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The G.I. Bill

The G.I. Bill

On July 28, 1943, in his Fireside Chat 25, President Franklin D. Roosevelt laid out what he believed returning servicemen were entitled to when they came home from World War II. His conditions became the basis for the Serviceman’s Readjustment Act, known informally as the G.I. Bill, which Congress passed in 1944. The bill gave benefits to returning veterans that stimulated the postwar economy. Honorally-discharged veterans could receive unemployment compensation for up to a year, attend college or vocational school, and receive loans to start their own businesses or buy homes. The G.I. Bill has been amended and expanded and is still in existence today.

Click here to read and listen to Roosevelt's full Fireside Chat 25.→

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Audio TranscriptFranklin D. Roosevelt was the 32nd President of the United States, 1933-1945.

Biographical sketch from American President.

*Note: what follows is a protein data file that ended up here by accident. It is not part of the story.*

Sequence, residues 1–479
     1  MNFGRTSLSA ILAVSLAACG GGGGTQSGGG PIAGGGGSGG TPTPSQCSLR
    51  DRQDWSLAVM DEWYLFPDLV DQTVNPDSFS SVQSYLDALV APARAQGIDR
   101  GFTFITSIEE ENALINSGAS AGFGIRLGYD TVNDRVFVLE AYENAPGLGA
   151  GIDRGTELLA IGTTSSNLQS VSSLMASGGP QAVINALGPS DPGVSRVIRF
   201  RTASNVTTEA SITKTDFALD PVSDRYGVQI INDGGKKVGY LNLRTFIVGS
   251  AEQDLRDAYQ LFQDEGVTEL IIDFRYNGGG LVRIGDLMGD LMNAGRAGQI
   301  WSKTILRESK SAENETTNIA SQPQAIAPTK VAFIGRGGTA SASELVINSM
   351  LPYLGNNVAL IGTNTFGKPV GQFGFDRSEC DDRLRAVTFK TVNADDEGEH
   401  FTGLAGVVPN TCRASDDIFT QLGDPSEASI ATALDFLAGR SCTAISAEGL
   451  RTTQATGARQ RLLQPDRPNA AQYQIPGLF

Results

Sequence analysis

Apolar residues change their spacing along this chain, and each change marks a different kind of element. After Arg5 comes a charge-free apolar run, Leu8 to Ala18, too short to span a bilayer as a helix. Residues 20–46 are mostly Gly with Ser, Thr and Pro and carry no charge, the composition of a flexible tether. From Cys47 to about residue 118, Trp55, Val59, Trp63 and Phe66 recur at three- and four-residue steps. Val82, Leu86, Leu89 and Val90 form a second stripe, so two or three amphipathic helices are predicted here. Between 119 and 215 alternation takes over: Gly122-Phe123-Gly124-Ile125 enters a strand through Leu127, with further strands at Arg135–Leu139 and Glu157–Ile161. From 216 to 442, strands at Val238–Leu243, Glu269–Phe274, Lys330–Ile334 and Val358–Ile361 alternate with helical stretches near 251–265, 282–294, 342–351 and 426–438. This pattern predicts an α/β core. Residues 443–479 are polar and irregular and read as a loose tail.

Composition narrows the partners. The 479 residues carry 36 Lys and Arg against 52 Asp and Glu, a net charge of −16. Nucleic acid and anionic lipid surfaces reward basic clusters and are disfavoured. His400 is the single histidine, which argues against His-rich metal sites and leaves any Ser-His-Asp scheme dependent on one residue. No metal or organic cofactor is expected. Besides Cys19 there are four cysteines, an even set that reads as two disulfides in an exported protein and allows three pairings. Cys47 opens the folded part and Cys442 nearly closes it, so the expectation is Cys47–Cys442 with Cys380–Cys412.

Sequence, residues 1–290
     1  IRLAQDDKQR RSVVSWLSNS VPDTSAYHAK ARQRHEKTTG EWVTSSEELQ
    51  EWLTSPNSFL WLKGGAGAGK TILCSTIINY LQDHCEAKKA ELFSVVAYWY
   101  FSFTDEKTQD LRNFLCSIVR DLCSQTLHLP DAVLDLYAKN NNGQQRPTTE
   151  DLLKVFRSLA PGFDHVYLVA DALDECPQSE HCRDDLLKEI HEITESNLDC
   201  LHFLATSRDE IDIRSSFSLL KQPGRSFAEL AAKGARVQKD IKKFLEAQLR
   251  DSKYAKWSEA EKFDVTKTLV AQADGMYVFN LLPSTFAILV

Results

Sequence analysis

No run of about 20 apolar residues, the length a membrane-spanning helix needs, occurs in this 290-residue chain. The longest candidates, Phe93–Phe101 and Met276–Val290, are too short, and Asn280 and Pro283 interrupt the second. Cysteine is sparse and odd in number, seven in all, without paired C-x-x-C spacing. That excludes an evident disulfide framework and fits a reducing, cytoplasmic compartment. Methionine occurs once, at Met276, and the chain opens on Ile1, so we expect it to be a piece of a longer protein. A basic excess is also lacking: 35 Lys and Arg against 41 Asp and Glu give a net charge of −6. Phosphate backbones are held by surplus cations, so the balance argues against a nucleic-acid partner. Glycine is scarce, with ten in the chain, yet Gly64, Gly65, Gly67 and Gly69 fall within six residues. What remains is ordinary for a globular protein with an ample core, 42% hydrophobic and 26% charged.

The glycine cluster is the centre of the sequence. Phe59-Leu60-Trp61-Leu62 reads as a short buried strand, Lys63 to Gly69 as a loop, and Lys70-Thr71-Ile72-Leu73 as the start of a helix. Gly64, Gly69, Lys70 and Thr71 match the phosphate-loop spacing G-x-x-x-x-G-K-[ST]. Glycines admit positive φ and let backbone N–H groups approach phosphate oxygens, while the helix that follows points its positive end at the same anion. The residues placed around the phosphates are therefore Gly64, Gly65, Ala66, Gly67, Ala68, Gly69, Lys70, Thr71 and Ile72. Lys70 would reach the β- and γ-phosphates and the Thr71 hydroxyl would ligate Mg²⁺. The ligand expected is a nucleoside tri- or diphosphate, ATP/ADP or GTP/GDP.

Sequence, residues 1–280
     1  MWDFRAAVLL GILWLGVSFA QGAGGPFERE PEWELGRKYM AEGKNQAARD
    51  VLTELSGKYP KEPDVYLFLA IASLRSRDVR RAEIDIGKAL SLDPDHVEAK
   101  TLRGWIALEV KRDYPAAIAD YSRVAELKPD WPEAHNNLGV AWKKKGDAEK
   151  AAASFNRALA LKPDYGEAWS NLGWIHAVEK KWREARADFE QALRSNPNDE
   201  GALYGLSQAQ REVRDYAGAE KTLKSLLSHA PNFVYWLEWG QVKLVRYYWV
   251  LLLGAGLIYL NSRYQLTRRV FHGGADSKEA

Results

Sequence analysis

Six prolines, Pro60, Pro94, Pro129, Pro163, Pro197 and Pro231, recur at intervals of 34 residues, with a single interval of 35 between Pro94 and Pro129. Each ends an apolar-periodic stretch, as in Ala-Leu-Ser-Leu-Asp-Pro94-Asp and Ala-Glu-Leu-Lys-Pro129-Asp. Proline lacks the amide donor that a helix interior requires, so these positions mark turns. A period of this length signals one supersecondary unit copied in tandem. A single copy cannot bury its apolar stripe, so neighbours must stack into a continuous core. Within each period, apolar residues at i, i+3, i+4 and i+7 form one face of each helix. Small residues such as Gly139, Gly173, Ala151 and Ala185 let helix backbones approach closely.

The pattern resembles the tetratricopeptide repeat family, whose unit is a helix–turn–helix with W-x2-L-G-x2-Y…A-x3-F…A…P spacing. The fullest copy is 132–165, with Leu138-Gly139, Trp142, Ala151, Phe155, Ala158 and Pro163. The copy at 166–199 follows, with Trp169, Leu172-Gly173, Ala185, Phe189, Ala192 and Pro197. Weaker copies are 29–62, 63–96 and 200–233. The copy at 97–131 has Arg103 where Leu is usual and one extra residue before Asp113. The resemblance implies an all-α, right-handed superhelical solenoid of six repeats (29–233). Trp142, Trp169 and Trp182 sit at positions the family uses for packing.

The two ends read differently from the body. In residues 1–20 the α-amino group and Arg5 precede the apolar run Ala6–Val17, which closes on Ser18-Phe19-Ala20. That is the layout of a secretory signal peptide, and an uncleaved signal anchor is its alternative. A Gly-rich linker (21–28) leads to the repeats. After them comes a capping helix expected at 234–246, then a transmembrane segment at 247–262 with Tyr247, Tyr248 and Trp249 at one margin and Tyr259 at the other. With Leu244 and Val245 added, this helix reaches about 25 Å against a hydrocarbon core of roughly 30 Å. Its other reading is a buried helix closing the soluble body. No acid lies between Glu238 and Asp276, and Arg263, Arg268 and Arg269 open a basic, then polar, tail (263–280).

Audio TranscriptHarry W. Colmery, World War I veteran and past National Commander of the American Legion, wrote a first draft of the G.I. Bill.

Biographical sketch from the Kansas Historical Society .

 

Audio TranscriptErnest McFarland, Democratic Senator from Arizona, is considered a "Father of the G.I. Bill."

Biographical sketch from the United States Senate .

 

Warren Atherton, National Commander of the American Legion, is also considered a "Father of the G.I. Bill."

Biographical sketch from the Online Archive of California, University of the Pacific.

Audio TranscriptEdith Nourse Rogers, Republican Congresswoman from Massachusetts’s 5th district, helped to draft and co-sponsored the G.I. Bill

Biographical sketch from Women in Congress.

 

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Born of Controversy: The G.I. Bill of Rights, Department of Veterans Affairs.
Letter from Warren H. Atherton to Harry Colmery, asking him to serve on a committee to look at veterans benefits, Kansas Historical Society. This committee ultimately drafted and advocated for the adoption of the G.I. Bill of Rights.
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